The colonizers were very aware of the power of words as a tool of subjugation. Newcomb quotes 15th century Spanish grammarian and rhetorician Antonio de Nebrija, addressing Queen Isabella: "Your Majesty, language is the perfect instrument of empire."
Newcomb reveals that not much has changed in America's religious/ethnocentric view of indigenous peoples. In one example, he cites a 1987 report by the U.S. State Department titled "History of the Doctrine of Tribal Sovereignty," submitted to the United Nations Social and Economic Council.
In the report, "Indian" is repeatedly spelled "indian," with a lowercase "i," although "Federal Government" is capitalized. The implication is clear, Newcomb writes: The United States "exists up, or on a higher plane in relation to Indian nations, and that Indian nations are down in relation to the United States."
In the same way, Newcomb views the word "tribe" as a "very problematic term," a demeaning term used by governments as a technique of political subjugation. A "tribe" ranks below a "nation," significant considering the U.S. government continues to exercise plenary, or absolute, authority over indigenous people and their own governments, he said.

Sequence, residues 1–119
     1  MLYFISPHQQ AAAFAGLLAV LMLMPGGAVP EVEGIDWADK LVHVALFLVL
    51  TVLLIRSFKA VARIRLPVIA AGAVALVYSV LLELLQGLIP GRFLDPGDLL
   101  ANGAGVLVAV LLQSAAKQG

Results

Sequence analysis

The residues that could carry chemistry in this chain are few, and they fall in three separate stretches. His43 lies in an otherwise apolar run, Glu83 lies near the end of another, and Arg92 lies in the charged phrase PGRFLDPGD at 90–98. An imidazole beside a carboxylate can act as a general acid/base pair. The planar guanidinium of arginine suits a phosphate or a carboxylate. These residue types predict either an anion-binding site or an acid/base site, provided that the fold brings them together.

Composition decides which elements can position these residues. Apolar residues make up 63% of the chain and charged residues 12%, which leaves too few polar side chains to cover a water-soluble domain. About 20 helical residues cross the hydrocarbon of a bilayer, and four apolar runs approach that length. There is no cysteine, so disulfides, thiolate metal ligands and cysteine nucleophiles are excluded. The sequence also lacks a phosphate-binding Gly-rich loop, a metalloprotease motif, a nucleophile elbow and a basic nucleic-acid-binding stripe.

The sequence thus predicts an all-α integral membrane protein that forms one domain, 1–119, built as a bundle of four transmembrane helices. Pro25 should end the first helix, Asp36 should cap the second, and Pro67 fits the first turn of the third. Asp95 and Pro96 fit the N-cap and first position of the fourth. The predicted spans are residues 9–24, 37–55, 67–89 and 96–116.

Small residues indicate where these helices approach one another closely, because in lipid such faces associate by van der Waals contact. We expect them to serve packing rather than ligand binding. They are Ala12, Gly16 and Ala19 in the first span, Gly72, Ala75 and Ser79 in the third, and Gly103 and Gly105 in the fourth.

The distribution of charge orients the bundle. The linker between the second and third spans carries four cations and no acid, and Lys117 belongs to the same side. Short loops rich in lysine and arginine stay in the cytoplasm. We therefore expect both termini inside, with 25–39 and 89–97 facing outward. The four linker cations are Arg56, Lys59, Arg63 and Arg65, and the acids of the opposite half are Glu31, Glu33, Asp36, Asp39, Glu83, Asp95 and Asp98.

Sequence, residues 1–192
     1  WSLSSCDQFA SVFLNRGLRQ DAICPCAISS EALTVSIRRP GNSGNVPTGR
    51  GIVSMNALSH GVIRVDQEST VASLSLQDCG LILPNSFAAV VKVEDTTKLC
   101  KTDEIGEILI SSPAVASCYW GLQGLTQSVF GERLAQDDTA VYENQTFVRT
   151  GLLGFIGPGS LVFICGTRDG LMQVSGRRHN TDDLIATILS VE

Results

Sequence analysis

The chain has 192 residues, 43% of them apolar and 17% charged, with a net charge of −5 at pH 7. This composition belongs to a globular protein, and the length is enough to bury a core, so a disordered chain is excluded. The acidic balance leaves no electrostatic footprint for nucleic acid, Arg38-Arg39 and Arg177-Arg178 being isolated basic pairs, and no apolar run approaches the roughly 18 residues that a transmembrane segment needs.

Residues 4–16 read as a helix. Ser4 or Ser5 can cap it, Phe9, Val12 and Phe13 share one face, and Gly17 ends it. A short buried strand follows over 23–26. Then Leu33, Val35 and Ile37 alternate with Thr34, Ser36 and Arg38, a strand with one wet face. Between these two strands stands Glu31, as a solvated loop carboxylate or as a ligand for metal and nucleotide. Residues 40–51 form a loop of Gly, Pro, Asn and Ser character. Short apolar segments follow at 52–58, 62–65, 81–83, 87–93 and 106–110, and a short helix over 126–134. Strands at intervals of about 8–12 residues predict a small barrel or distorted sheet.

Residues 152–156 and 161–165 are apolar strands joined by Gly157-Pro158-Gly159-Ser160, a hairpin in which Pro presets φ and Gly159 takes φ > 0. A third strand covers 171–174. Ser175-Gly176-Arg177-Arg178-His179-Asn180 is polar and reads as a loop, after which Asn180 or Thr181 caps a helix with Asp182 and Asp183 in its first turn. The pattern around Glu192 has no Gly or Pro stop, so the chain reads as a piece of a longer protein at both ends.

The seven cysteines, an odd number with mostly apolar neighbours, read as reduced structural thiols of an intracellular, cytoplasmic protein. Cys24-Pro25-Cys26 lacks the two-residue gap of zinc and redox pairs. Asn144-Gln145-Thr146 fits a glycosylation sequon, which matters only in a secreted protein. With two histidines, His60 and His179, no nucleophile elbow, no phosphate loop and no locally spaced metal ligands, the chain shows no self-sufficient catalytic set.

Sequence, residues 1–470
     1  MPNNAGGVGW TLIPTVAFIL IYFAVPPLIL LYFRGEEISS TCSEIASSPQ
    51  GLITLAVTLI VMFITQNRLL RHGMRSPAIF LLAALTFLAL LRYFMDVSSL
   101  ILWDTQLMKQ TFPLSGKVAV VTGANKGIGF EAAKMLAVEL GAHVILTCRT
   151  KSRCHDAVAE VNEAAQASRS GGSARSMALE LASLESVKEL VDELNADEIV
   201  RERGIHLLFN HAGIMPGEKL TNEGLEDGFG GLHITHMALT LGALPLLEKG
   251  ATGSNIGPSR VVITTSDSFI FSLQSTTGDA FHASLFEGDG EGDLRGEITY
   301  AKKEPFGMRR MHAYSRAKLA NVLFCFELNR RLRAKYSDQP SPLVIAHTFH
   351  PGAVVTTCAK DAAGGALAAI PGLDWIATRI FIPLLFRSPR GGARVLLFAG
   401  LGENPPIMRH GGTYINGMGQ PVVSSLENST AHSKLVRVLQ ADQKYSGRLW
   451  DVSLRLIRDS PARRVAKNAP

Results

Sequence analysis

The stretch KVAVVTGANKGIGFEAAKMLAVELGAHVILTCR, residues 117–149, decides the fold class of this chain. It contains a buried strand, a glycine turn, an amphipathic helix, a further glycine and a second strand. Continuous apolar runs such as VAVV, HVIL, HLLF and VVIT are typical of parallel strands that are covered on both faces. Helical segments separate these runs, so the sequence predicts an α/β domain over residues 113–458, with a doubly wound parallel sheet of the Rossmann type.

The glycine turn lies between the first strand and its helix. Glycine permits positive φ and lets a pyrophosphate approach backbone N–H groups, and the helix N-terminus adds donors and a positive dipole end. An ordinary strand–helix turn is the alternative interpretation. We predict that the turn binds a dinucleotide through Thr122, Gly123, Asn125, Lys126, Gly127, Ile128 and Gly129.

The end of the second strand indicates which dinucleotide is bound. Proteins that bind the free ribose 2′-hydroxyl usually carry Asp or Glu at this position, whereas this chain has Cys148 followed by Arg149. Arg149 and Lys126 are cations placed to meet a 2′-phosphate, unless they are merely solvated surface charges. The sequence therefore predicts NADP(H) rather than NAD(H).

How many times have we heard people say that they didn't know Indians were still around? Or that they thought Indians all lived in tipis? This continuing ignorance of the diversity and complexity of Indian life is a fundamental issue in Indian country today.
If we Americans see and hear no evil, we don't have to act upon it. We don't have to acknowledge the treaties we've broken, the land we've stolen, the children we've kidnapped. We don't have to address the poverty, crime, and hopelessness we've allowed by not funding necessary government services.
This is why I keep harping on the stereotype issue. I bet Steve Newcomb would agree it's worth harping on.